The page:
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You need to have a website. There’s no other way to build a successful business in the modern era. But if you’re new to the world of entrepreneurship, you’re quickly going to realize that your website’s design, development, and maintenance are not easy decisions to make.
Do you hire a professional web designer to put together a layout for your website, paying thousands, or even tens of thousands of dollars for the privilege? Or do you try to put together a website on your own with an investment of time only?
DIY web design is certainly appealing, and for more reasons than just the low-cost basis – but most DIY web design projects inevitably fail.
Why is this the case, and can you prevent it?
Before we can understand the reason why so many DIY web projects fail, we need to understand “failure.” What does it mean for a website to fail?
There are several potential failure points. First, most people want their website to be functional, present their brand in a positive light, and ultimately persuade visitors to take action – like buying a product or filling out a form. Because of this, a website could conceivably fail in any number of ways, such as providing a horrible user experience and ruining the reputation of the brand, suffering catastrophic losses from a cyberattack, or just dealing with a permanently low conversion rate.
The simplest answer is because of inexperience.
There’s a lot to learn about effective web design and development, from the essential components of website operation to the latest trends in user experience. However, if you don’t understand these elements and you try to piece together a website from scratch, even the best web builder in the world isn’t going to help you surmount the obstacles you’ll face.
In other words, inexperience leads to a bad design, leading to bad results.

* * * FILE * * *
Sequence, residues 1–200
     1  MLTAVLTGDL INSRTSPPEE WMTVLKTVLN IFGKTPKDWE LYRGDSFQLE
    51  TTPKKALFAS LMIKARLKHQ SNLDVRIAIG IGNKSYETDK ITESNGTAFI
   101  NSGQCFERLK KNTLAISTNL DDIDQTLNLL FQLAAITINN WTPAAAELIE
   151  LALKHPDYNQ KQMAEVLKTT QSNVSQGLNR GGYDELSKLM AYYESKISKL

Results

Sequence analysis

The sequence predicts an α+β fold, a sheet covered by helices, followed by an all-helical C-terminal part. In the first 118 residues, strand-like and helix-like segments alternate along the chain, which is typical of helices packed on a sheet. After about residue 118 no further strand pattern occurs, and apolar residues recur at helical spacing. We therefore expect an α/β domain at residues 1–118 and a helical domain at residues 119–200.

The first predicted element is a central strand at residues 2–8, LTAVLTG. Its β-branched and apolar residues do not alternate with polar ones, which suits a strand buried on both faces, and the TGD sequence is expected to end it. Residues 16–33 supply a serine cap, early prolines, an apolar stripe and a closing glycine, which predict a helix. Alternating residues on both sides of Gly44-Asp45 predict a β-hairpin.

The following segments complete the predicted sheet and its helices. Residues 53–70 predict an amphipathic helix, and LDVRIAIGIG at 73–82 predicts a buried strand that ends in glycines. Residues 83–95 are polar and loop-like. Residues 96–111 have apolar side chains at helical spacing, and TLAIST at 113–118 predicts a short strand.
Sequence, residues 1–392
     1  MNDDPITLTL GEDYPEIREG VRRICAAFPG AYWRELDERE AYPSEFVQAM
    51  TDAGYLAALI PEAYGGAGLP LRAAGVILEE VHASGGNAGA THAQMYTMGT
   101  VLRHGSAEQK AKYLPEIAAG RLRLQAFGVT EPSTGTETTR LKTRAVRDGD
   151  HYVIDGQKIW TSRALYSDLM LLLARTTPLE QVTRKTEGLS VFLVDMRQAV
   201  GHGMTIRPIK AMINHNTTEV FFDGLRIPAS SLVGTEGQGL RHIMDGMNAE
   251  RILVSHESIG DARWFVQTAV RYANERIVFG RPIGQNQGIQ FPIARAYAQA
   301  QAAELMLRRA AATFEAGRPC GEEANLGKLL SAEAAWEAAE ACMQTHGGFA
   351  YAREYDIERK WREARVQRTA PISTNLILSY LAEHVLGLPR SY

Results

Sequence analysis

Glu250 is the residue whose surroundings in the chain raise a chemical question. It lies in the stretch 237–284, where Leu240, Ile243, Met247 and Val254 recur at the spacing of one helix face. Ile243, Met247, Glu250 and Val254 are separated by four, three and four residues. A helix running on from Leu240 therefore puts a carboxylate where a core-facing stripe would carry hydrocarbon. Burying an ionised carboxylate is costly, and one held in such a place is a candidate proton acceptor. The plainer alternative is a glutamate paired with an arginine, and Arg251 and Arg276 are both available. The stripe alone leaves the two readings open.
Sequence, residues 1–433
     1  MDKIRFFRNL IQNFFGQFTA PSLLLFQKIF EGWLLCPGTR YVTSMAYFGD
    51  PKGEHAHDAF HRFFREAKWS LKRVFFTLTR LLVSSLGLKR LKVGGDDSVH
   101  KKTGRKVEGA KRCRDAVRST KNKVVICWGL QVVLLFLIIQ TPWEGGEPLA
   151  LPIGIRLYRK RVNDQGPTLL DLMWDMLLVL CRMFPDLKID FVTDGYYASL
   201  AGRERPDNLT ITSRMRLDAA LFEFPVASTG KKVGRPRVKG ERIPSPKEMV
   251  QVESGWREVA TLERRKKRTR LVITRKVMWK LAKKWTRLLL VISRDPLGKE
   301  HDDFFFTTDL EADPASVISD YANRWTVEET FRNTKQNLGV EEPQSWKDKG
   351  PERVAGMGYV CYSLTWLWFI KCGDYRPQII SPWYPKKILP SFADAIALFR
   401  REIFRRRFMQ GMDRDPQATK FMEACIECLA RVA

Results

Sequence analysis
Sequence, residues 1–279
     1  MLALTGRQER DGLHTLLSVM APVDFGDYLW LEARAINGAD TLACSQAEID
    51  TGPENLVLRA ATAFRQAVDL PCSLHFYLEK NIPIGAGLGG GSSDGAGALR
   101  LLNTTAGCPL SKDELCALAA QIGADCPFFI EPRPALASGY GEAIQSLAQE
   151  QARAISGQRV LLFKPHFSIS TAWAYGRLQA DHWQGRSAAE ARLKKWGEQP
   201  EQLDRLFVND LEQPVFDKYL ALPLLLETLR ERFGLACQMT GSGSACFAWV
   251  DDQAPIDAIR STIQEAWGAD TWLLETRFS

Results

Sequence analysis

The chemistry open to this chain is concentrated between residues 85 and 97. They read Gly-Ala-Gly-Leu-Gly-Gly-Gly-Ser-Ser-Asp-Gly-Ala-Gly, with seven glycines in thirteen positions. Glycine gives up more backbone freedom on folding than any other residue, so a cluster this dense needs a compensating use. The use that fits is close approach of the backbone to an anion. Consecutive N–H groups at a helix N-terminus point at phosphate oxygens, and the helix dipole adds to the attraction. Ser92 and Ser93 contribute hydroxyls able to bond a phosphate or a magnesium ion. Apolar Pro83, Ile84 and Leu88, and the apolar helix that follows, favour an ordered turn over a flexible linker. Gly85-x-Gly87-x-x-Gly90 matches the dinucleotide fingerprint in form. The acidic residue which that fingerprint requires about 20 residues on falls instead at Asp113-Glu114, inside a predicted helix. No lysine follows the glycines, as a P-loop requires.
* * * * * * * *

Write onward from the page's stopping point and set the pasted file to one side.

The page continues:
It’s no wonder why DIY web design is so appealing. As we’ve mentioned before, it’s much less expensive than designing a website from scratch with an agency.
These days, it’s also easy. There are dozens, or even hundreds of free website builders that promise the experience of designing an effective website in a matter of minutes. Thanks to WYSIWYG editors and helpful guides, even an amateur can get something up and running.
On top of that, DIY web design gives you much more transparency and control over the development of your website. If you’re new to the world of web design, or if you’ve had a bad experience with pro designers in the past, you might be skeptical about what happens on the backend – or you might just want more autonomy over the process.
DIY web design also tends to be a problem because of the sheer number of things that can go wrong.
For example:
It’s also worth noting that design isn’t everything. Even if you manage to put together a functional and beautiful website on your own, there’s no guarantee it’s going to be a success. You’ll still need to optimize the site for conversions, invest in marketing and advertising, and continue promoting the site as it grows. It’s certainly possible to DIY everything here – but it’s not easy.
For the most part, DIY web design projects are doomed to fail, in one way or another. The good news is that there are many potential solutions.
You could, for example, invest enough time and effort studying the fundamentals of web design and development to become an expert in your own right. But for most entrepreneurs looking to create a website from scratch, it’s easier to work with a professional agency.
Image Credit: Kaboompics; Pexels; Thank you!
Timothy Carter is the Chief Revenue Officer of the Seattle digital marketing agency SEO.co, DEV.co & PPC.co. He has spent more than 20 years in the world of SEO and digital marketing leading, building and scaling sales operations, helping companies increase revenue efficiency and drive growth from websites and sales teams. When he’s not working, Tim enjoys playing a few rounds of disc golf, running, and spending time with his wife and family on the beach — preferably in Hawaii with a cup of Kona coffee. Follow him on Twitter @TimothyCarter

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